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Prehospital 12 lead ECG

Question Type:
Intervention
Full Question:
Among adult patients with suspected STEMI outside of a hospital  (P), does does prehospital 12-lead ECG with transmission or notification  (I), compared with compared with no ECG or no transmission/notification  (C), change death, time to treatment (first medical contact to balloon time), time to treatment (first medical contact to needle time), time to treatment (door to balloon time), time to treatment (door to needle time) (O)?
Consensus on Science:
For the critical outcome of 30-day mortality in STEMI patients who receive PCI, we have identified low-quality evidence (downgraded for bias, upgraded for treatment effect) from 9 observational studies(Canto 1997, 498-505; Terkelsen 2005, 770-777; Carstensen 2007, 2313-2319; Brown 2008, 158-161; Martinoni 2011, 526-532; Sorensen 2011, 430-436; Chan 2012, 1239-1246; Ong 2013, 339-347; Quinn 2014, 944-950) enrolling 20 402 patients showing benefit of prehospital 12-lead ECG and hospital notification compared with no ECG or no notification (relative risk [RR], 0.68; 95% confidence interval [CI], 0.51–0.91) (Figure 1). This is a 32% relative reduction in mortality.For the critical outcome of 30-day mortality in STEMI patients who receive fibrinolysis, we have identified low-quality evidence (downgraded for bias, upgraded for treatment effect) from 2 observational studies(Canto 1997, 498-505; Quinn 2014, 944-950) enrolling 59 631 patients showing benefit of prehospital ECG and hospital notification compared with no 12-lead ECG or no notification (RR, 0.76; 95% CI, 0.71–0.82) (Figure 2). This is a 24% relative reduction in mortality.For the important outcomes of first medical contact–to–reperfusion, door-to-balloon, and door-to-needle time in STEMI patients, we have identified very-low-quality evidence (downgraded for serious risk of bias) in 7 observational studies,(Terkelsen 2005, 770-777; van de Loo 2006, 112-116; Caudle 2009, 29-35; Martinoni 2011, 526-532; Nestler 2011, 640-646; Sorensen 2011, 430-436; Chan 2012, 1239-1246) 14 observational studies,(Canto 1997, 498-505; Wall 2000, 104-108; Terkelsen 2005, 770-777; Swor 2006, 374-377; van de Loo 2006, 112-116; Carstensen 2007, 2313-2319; Dhruva 2007, 509-513; Brown 2008, 158-161; Caudle 2009, 29-35; Diercks 2009, 161-166; Nestler 2011, 640-646; Sorensen 2011, 430-436; Chan 2012, 1239-1246; Ong 2013, 339-347) and 3 observational studies,(Karagounis 1990, 786-791; Canto 1997, 498-505; Diercks 2009, 161-166) respectively, of consistent reduction in times to reperfusion with prehospital 12-lead ECG and hospital notification. The time to treatment results could not be pooled because of heterogeneity in estimate of effect size.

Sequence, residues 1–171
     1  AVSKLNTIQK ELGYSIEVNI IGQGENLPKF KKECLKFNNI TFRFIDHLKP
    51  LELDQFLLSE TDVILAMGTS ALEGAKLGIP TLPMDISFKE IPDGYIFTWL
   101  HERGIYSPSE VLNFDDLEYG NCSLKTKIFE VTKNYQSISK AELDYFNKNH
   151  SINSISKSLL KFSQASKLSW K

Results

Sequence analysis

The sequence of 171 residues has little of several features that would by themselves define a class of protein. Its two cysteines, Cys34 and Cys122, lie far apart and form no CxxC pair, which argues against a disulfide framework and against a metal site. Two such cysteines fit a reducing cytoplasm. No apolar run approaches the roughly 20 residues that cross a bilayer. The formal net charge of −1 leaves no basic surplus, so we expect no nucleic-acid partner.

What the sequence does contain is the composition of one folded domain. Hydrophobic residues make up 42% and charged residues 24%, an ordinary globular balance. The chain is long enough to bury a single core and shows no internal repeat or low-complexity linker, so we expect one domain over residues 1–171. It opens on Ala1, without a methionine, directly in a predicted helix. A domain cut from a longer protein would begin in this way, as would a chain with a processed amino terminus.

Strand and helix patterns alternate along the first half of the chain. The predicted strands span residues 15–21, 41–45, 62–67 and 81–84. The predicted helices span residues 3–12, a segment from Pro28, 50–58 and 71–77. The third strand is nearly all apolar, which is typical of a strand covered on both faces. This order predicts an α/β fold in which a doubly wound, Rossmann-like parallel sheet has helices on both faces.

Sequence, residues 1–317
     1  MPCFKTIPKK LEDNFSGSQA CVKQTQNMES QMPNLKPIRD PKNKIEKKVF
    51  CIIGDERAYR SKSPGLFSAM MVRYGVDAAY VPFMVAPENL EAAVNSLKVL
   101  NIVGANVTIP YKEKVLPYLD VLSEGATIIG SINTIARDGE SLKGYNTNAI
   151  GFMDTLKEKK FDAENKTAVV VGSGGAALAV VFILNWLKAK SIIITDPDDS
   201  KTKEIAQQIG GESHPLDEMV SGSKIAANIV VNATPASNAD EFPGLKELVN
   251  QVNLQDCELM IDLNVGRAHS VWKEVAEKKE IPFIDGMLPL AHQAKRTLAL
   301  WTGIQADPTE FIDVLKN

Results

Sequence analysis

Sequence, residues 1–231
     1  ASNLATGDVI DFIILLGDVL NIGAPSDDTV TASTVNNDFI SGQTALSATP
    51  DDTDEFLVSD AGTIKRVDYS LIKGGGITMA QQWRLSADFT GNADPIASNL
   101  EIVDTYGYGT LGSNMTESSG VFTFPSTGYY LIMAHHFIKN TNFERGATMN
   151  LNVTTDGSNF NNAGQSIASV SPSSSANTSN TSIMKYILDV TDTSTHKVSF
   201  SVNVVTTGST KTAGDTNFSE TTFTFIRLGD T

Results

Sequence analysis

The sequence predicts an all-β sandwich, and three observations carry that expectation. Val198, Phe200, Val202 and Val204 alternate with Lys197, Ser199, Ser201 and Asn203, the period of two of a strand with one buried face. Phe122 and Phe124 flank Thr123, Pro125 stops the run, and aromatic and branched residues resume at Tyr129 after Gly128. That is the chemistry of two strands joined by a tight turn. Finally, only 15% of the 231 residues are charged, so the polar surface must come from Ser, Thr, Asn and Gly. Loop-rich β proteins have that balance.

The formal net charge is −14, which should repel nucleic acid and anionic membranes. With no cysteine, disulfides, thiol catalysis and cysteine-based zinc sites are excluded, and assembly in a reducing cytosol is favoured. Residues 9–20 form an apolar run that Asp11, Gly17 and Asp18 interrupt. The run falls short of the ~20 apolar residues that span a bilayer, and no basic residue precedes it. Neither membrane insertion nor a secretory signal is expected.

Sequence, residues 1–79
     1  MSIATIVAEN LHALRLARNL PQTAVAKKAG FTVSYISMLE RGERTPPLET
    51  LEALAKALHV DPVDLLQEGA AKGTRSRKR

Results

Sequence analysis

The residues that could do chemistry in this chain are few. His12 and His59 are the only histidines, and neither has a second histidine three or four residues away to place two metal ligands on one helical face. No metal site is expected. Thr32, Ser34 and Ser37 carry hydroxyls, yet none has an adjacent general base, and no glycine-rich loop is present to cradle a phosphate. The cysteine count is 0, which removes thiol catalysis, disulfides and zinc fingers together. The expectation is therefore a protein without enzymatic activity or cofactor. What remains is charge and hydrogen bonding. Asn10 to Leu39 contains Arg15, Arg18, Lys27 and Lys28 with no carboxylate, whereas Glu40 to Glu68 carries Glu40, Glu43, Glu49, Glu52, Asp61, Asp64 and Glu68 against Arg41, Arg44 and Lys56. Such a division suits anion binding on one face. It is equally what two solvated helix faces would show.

Treatment Recommendation:
We recommend prehospital 12-lead ECG acquisition with hospital notification for adult patients with suspected STEMI (strong recommendation, low-quality evidence). Values, Preferences, and Task Force Insights In making this recommendation, we are placing a higher value on the consistent mortality-benefit and consistent reduction-in-reperfusion times in a large number of patients (greater than 80 000) over the risk of bias inherent in observational studies.
CoSTR Attachments:
336 PHTL 30Dec2014.rm5    
336 PHTL ECG GDT SOF Table.pdf    
Prehospital ECG FPs_n.docx    

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